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Hidden Dangers of Ecstasy Abuse and Withdrawal
The sudden drop in serotonin, dopamine, and norepinephrine levels causes a shock to the system. When the brain becomes dependent on drugs to release chemicals that control vital functions like heart rate and blood pressure, it can cause health problems. The bigger problem is with how the brain works to control emotions and impulses.
According to the Drug Abuse Awareness Network (DAWN), more than 250,000 people are treated in emergency rooms for ecstasy-related complications or injuries. Many of these admissions are due to physical problems like heat stroke and severe dehydration. However, chronic use that depletes serotonin levels, when combined with the use of prescription serotonin reuptake inhibitors (SSRIs) increases the chances of developing a condition called severe serotonin syndrome.
Since SSRIs are the most common type of depression medication, consequences can be severe. This information, released by the International Journal of Adolescent Medicine and Health, concludes that the condition can be life-threatening.
Symptoms can present within hours of taking a drug or increasing the dosage of a current drug. If any of the following signs are present in someone taking ecstasy and medication to treat depression, seek immediate medical attention:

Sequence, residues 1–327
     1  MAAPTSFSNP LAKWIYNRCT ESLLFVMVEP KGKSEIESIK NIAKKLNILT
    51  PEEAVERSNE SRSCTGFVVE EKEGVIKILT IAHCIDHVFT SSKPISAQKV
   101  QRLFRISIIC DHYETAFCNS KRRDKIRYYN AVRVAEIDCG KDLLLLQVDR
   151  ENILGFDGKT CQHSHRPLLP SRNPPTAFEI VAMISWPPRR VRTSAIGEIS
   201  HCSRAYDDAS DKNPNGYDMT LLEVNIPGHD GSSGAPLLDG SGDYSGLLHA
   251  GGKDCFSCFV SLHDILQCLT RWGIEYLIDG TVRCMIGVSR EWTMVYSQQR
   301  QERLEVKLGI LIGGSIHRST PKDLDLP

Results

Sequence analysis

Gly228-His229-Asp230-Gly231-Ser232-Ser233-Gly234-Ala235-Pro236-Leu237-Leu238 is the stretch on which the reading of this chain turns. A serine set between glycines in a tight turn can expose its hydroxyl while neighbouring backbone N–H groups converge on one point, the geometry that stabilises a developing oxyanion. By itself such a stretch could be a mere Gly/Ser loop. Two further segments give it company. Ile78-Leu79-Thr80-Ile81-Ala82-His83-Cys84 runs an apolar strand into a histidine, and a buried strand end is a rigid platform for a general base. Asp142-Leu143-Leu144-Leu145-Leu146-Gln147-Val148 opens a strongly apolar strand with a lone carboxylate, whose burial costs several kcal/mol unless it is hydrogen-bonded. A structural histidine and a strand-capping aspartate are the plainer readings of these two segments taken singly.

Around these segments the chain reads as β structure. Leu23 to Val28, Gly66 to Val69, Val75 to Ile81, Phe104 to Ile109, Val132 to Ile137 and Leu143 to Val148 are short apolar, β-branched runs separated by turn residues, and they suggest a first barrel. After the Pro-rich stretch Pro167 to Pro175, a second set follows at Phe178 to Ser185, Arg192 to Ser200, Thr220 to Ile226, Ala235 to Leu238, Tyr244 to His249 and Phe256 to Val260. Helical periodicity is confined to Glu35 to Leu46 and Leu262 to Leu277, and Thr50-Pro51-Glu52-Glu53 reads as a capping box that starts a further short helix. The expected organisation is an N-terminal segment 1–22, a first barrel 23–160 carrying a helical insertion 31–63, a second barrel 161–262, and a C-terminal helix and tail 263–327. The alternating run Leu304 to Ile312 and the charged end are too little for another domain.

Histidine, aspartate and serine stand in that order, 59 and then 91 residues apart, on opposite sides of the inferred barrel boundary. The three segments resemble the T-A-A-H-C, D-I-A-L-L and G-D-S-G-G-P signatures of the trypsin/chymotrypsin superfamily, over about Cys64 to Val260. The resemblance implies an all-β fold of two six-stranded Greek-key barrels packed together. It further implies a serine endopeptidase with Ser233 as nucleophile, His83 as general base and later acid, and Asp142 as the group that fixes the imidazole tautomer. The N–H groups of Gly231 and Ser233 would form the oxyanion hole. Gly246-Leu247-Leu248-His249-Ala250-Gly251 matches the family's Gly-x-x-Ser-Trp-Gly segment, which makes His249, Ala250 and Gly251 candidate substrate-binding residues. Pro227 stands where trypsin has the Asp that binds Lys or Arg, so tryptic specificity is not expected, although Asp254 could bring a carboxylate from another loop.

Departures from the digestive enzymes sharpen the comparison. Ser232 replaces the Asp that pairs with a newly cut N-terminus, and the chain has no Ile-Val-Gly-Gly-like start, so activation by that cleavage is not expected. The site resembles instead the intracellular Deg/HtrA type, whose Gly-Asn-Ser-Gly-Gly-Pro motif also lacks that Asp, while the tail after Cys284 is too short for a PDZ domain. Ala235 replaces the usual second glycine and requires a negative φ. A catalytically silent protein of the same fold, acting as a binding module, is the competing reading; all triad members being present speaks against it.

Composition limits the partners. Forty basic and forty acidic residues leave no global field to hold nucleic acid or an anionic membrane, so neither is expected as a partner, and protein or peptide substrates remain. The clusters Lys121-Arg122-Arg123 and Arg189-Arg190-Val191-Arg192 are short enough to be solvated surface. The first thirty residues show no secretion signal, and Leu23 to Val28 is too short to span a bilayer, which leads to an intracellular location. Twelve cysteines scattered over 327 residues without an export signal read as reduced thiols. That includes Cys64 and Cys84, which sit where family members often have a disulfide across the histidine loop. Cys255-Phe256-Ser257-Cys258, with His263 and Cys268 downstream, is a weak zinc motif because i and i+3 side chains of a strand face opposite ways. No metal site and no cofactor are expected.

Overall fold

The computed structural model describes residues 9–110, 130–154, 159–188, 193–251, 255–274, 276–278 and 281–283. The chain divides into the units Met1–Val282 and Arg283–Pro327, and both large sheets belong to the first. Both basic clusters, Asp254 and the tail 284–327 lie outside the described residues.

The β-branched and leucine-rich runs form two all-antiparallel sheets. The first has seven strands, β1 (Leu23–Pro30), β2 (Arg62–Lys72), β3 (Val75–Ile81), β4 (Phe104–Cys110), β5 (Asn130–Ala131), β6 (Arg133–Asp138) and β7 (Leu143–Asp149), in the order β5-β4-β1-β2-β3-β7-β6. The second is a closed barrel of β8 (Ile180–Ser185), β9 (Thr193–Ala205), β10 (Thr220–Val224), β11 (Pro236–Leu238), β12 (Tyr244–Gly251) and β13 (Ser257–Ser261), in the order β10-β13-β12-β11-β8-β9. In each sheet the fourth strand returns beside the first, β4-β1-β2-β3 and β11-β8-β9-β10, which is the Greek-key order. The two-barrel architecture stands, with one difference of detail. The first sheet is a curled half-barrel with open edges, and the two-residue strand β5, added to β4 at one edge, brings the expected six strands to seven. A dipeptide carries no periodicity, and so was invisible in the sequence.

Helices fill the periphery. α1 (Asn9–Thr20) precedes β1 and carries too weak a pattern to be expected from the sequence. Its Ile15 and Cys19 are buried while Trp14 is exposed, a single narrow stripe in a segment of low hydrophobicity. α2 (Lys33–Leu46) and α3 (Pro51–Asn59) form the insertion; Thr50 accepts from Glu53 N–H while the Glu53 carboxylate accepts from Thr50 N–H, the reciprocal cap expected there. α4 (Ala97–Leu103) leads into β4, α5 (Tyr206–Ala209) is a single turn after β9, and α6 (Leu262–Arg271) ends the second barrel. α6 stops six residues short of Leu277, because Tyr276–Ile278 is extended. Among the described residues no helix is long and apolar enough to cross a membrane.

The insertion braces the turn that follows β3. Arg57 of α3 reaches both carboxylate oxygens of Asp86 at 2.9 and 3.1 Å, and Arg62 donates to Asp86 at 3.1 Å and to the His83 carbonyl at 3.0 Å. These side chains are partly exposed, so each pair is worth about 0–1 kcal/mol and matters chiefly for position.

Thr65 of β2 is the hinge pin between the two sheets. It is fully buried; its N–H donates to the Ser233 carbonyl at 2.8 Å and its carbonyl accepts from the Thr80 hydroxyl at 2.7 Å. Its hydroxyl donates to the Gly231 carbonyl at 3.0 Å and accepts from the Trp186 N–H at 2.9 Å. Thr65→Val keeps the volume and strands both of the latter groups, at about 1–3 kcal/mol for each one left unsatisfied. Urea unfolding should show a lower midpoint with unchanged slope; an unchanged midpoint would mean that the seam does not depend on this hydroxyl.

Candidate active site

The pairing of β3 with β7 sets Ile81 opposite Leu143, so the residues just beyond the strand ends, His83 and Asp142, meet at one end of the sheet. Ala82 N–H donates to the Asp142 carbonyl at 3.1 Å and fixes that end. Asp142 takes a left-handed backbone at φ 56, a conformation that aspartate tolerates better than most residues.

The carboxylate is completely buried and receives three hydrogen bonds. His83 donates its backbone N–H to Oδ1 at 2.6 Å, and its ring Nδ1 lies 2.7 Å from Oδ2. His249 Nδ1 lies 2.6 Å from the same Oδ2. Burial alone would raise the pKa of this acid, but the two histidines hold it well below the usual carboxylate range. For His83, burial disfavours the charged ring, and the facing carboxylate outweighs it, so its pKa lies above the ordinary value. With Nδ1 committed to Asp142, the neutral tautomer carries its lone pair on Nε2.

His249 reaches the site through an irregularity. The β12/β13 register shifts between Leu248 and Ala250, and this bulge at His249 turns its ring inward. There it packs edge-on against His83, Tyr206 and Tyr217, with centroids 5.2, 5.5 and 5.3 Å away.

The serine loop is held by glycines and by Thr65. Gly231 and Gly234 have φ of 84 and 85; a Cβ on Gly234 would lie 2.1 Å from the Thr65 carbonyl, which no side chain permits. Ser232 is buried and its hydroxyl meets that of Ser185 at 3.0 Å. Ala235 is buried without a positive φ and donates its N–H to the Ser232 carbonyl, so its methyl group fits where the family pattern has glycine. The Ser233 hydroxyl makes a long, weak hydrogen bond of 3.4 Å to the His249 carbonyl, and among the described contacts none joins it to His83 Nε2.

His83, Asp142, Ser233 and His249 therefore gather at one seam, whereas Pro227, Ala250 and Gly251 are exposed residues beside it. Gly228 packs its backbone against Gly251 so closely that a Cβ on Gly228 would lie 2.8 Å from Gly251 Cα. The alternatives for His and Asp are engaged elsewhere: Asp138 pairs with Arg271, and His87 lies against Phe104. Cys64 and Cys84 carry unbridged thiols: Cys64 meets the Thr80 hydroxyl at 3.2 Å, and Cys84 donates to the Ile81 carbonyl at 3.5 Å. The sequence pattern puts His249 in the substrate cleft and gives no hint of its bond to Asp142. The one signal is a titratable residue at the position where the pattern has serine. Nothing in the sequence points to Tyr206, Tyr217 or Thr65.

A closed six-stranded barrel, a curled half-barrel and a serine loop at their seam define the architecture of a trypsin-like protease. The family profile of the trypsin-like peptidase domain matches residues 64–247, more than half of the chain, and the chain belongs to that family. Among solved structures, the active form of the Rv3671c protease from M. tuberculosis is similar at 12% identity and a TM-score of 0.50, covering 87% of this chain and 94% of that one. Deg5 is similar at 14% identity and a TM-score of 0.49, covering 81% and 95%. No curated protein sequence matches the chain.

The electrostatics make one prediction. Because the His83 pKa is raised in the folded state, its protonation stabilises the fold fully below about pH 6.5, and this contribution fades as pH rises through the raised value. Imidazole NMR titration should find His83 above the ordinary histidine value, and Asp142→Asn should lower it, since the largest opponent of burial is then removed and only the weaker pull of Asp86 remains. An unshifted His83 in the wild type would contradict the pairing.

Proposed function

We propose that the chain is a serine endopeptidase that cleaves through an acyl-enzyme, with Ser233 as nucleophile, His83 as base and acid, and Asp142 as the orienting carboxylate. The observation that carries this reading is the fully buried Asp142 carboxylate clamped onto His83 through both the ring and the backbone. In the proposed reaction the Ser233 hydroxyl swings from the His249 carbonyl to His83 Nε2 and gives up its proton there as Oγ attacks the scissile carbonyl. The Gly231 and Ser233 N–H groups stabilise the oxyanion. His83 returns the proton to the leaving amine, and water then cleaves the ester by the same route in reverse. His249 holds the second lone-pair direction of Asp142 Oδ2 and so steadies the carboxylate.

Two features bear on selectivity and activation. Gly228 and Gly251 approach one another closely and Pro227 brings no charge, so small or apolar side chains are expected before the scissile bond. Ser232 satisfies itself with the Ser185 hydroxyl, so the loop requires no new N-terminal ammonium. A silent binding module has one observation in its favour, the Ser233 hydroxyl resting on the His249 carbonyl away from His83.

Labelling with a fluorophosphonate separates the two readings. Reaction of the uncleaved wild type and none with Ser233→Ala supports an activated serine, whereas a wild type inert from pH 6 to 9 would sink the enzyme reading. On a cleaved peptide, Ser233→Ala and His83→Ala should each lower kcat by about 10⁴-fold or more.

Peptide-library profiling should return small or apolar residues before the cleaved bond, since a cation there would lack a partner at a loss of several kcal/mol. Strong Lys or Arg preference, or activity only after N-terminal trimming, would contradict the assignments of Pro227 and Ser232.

- Muscle twitching or rigidity
- Rapid or irregular heartbeat
- High blood pressure
- Sweating, shivering, and goosebumps
- High fever
- Loss of consciousness
Ecstasy Withdrawal Timeline
The effects of ecstasy last for about six hours, but users have a habit of “stacking” doses, meaning they take another hit as the effects of the previous dose begin to wear off. This can delay the onset of withdrawal as well as multiplying the symptoms. Once the drug is discontinued completely, the first signs of withdrawal appear within 12 hours.
The duration, severity, and overall timeline of ecstasy withdrawal depend on the length of use, other substances involved, and the person taking the drug. Here’s what can be expected during ecstasy detox and withdrawal:
What to Expect From Ecstasy Detox and Treatment
Unless there are concurrent health problems, ecstasy detox mainly involves addressing psychological symptoms during the initial withdrawal phase. Treatment can be performed by entering a residential treatment facility or as an outpatient. Due to the onset of depression and other psychological symptoms, the initial detox and withdrawal are better handled under a doctor’s supervision. This is the best way to deal with the possibility of self-harm and suicidal thoughts or behaviors.
Most drug rehabilitation experts recommend a 90-day ecstasy treatment program regardless of whether it’s inpatient or an intensive outpatient program (IOP). This will allow enough time to detox from the drug, address underlying issues, and develop skills to cope with pressure and temptation to use in the future. Behavioral therapy can help the patient learn what triggers them and change destructive patterns of behavior. Ongoing aftercare that includes peer and family support will help prevent relapse.